Cousin John was creating quite a stir.
He had found himself a wide spot on the Jordan River at Bethabara and was dunking people to cleanse them from their sins. News of the words and deeds of the flamboyant relative/prophet had reached Nazareth, and members of the community were split on their opinions of the events–based upon whether they had any family ties with the locust eater.
There was a lot of conversation in the home of Joseph the Carpenter, since Brother John was a part of the bloodline. Papa had died a year earlier, leaving the household to the care of his eldest son, Jesus. That oldest boy, though loyal, faithful and true, had never found great solace in carpentry, and with the death of his father, had become disillusioned with the daily chores.
After Joseph’s death, he had slipped away for a few days into the wilderness to think, and upon returning was greeted with the reports of his cousin’s outreach.
Some jealousy tried to slip in–for Jesus also felt a great calling to share a message with mankind. Knowing that John had already begun such an endeavor created a spiritual itch in him which he desperately needed to scratch.
In these fleeting moments of jealousy he was tempted to join the critics of his cousin. But ashamed of those inclinations, he decided to instead go to Bethabara and observe for himself.
It was a first step to sanity.
If something good is going on in the world, go hear it, understand it and support it.
So without announcement, he arrived at the encampment of the Baptist. He spent two weeks doing nothing but listening to his cousin, watching the events unfold and noting how John handled the contrary natures of the scribes and Pharisees.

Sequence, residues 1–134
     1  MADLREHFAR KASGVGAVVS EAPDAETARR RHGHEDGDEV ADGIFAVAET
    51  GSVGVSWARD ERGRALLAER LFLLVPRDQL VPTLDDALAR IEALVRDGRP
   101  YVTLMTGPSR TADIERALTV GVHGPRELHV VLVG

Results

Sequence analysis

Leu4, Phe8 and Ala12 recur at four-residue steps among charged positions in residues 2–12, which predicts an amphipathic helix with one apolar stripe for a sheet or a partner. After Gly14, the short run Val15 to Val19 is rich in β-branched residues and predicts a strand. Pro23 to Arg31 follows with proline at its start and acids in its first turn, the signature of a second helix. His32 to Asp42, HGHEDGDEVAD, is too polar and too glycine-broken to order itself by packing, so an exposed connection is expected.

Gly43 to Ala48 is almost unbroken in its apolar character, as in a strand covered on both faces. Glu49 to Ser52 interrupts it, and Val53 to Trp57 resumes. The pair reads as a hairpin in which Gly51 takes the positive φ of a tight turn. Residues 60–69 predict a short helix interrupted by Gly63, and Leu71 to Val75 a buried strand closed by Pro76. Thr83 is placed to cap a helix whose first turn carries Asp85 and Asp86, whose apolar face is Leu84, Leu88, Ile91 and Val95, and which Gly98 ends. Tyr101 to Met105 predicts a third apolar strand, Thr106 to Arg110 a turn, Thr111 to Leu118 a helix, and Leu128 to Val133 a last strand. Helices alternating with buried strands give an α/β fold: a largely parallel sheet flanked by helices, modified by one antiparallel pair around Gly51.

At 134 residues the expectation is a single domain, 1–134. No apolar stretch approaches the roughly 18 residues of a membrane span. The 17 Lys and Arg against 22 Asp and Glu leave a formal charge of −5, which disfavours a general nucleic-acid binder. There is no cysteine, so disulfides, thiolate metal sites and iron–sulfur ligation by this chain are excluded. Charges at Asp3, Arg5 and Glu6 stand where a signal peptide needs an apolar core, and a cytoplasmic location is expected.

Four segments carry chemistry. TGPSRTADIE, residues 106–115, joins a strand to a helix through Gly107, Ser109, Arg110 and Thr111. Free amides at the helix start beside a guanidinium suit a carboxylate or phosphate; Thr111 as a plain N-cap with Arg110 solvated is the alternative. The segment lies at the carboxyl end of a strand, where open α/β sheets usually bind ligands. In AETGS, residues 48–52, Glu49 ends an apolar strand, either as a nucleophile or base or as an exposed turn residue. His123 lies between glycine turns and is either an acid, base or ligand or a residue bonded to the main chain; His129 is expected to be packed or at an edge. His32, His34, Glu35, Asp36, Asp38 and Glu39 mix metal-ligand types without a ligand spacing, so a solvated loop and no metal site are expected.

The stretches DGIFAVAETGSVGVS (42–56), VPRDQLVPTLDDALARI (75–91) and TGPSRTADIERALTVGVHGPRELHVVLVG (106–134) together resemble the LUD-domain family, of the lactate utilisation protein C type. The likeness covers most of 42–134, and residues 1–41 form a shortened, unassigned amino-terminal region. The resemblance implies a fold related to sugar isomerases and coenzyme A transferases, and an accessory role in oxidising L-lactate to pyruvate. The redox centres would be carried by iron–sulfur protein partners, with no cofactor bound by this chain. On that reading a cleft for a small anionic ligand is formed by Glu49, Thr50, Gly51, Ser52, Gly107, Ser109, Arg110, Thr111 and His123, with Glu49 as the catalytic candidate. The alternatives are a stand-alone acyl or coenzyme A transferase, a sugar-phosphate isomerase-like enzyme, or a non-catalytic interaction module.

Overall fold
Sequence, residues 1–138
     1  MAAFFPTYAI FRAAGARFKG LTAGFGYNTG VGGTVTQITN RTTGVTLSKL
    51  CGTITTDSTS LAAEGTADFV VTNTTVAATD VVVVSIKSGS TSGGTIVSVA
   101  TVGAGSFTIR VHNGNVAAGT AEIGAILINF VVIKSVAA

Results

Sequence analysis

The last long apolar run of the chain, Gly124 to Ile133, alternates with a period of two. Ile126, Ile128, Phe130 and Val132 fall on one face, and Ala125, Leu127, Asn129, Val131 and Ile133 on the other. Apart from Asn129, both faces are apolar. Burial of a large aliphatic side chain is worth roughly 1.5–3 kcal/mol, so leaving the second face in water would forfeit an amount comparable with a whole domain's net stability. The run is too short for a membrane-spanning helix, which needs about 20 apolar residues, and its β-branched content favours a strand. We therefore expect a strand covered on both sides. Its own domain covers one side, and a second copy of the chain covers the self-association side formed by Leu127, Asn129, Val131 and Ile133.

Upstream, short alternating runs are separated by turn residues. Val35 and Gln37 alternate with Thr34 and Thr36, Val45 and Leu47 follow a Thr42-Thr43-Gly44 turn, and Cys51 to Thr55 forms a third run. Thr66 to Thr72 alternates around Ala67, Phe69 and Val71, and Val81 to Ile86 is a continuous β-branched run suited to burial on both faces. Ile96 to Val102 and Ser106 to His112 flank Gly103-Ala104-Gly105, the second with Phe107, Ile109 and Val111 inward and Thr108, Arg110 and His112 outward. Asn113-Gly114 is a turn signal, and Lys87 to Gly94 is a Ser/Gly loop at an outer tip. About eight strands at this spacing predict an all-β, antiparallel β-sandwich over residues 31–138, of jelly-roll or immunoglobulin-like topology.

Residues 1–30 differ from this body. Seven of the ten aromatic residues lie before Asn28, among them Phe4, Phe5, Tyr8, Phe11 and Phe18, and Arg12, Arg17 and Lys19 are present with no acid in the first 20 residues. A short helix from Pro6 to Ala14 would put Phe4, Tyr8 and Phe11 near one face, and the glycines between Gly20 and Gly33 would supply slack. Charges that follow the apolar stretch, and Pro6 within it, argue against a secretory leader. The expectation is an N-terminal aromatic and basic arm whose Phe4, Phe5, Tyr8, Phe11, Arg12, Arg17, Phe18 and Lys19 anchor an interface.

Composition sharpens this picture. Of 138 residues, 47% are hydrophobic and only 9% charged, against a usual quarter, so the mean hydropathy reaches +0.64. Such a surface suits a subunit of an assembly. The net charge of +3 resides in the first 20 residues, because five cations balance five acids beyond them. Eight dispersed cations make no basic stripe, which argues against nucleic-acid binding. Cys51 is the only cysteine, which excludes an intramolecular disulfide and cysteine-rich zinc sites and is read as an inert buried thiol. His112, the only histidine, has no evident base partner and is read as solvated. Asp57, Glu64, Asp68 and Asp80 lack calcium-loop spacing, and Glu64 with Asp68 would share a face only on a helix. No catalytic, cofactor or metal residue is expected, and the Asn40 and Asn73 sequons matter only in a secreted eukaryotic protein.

He heard the Voice.
He dodged a huge clump of jealousy and instead developed a deep sense of admiration.
After hearing the Voice, it came time to make a choice.
Was he just going to be a watcher? Was he going to go back to Nazareth and try to be the dead carpenter’s son?
John talked about the Kingdom of God being at hand and the need to repent. Jesus stayed up one night thinking about his own repentance. For after all, there is nothing more sinful than believing you are sinless. He saw his errors. He saw where his discontentment with carpentry often came across to his family as if he had a feeling of superiority.
He knew he was tempted like everyone. He was touched with the same sicknesses that each and every human being experiences.
He wanted John’s baptism. He needed John’s baptism. It was the righteous thing to do–because if there was to be a mission, the first step to usher in the possibility was to make a choice.
Jesus made a choice.
He stood in line, waited his turn and stepped down into the Jordan River with his cousin to be cleansed.
To his surprise, the Prophet prophesied. The burly preacher called him “the Lamb of God who takes away the sins of the world.”
Jesus had only met John a handful of times. There was no private coalition. So he took John’s words into his heart as he immersed himself in the experience of the Jordan River baptism.
He rose from the water, walked to the shoreline and realized it was time for him to begin his own work. What was the best way to do that?
How could he change the noise in the world around him?
He smiled and took off across the countryside, bellowing, “Repent, for the Kingdom of God is at hand!”
He borrowed the message of his cousin.
It had been a successful slogan–it was a great place to start.
At that fateful day at the baptism of Jesus, no one would ever have guessed that the Nazarene’s work would spread across the entire planet and that John would historically be viewed as a forerunner.
It was all made possible because Jesus had the sensitivity and wisdom to hear the voice and then make a choice before he went out to change the noise.